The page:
The United Arab Emirates (UAE) withdrew from a US-led Middle East Maritime Security Alliance two months ago after an assessment of its security ties, the Gulf state announced on Wednesday.
“As a result of our ongoing evaluation of effective security cooperation with all partners, two months ago, the UAE withdrew its participation in the Combined Maritime Forces,” the Foreign Ministry said in a statement.
The Combined Maritime Forces is a 34-nation task force, headquartered at the US Naval Base in Bahrain that claims to work on security, counter-terrorism, and counter-piracy in the Red Sea and Persian Gulf regions.
The region includes some of the world’s most important shipping routes, which have seen a series of attacks on vessels since 2019, during a time of tension between the United States and Iran.
The statement said that the UAE is committed to dialogue and diplomatic engagement to promote security and stability in the region and is committed to ensuring the safety of navigation in its seas in accordance with international law.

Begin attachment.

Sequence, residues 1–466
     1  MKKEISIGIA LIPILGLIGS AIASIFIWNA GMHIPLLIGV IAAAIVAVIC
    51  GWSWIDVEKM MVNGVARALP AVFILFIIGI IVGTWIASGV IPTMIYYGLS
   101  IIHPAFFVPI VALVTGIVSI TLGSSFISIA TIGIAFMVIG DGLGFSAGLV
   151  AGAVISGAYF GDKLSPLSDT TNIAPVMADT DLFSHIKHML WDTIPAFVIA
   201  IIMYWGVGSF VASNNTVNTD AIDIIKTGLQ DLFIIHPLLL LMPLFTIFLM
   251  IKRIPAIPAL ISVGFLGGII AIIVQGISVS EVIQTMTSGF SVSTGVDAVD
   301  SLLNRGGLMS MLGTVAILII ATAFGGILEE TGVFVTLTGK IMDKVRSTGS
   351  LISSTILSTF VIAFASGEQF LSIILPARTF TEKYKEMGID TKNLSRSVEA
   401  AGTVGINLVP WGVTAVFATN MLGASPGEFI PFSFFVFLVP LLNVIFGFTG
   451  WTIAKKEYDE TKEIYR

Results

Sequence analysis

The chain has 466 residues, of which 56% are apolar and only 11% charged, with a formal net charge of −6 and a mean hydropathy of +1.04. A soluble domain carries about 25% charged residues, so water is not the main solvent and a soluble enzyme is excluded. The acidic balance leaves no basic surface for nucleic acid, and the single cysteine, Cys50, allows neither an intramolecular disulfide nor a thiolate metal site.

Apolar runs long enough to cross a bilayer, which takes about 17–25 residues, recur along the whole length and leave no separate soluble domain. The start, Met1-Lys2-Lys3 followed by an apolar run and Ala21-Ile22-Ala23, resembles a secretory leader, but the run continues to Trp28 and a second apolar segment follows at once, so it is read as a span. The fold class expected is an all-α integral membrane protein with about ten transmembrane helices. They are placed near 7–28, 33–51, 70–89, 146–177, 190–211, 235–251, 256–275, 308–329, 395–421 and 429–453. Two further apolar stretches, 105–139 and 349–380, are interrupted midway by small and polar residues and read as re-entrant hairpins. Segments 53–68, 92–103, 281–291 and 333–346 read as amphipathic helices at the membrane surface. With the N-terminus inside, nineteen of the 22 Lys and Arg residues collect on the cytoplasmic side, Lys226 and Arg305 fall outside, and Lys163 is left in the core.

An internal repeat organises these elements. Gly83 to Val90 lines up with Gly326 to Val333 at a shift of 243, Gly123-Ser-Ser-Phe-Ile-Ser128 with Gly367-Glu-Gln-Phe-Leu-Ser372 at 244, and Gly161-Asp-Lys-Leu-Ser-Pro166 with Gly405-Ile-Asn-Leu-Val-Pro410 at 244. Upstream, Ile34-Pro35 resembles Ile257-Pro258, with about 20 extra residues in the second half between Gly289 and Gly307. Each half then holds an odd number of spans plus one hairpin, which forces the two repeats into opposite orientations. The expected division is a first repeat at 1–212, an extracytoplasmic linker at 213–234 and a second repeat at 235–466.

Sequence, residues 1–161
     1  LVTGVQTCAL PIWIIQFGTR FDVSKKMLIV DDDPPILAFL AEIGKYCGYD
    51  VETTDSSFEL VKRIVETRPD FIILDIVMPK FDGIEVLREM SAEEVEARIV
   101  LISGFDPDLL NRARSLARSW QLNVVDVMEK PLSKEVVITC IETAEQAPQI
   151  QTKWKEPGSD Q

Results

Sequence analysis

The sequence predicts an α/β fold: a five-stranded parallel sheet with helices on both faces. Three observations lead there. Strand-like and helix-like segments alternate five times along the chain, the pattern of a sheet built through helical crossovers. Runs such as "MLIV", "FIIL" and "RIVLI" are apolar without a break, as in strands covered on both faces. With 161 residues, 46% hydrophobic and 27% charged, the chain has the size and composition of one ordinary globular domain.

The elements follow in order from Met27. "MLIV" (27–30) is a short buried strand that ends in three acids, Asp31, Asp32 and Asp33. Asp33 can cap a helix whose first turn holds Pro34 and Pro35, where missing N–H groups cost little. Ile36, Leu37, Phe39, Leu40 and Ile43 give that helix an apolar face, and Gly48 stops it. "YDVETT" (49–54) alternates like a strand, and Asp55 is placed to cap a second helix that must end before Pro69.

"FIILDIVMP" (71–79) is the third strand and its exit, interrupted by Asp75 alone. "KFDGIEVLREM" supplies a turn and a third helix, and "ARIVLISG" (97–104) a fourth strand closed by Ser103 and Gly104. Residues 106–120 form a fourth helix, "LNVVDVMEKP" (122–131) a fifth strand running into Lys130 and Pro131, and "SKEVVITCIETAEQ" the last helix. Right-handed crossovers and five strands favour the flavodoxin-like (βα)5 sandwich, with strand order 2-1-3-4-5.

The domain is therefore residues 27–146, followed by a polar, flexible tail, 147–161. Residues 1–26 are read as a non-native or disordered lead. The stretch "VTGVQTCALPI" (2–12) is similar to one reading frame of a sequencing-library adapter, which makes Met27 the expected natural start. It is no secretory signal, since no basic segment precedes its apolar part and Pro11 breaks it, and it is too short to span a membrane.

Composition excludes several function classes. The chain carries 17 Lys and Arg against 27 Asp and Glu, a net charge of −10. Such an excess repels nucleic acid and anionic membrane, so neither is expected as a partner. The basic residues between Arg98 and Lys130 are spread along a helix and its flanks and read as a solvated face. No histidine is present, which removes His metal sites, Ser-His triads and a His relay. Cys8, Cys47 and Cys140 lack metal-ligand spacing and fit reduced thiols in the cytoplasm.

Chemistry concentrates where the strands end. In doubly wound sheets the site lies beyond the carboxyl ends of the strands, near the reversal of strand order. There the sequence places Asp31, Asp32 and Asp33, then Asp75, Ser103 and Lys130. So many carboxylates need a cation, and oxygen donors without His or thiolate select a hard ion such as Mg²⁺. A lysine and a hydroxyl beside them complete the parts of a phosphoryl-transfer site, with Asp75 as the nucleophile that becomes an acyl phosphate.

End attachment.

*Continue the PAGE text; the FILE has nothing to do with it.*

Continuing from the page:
The UAE statement said that the Wall Street Journal’s report on Tuesday, which cited US and Persian Gulf sources as saying the UAE was disappointed by the lack of US response to the recent seizure of oil tankers, is a “mischaracterization” of talks between the two countries
The Persian Gulf — which spans some 251,000 square kilometers — is bounded by the Arvand River in the north, which forms the frontier between Iran and Iraq, and the Strait of Hormuz in the south, which links the Persian Gulf to the Sea of Oman and the Indian Ocean.
The inland sea is an international trade route connecting the Middle East to Africa, India, and China.
Iran has made it clear that it views US military vessels lurking in the waters of the Persian Gulf as a threat to its national security and a source of tensions and instability in the region.
The Islamic Republic has repeatedly vowed to give a decisive response to any hostile move by Washington that would disrupt the security of the strategic waterway.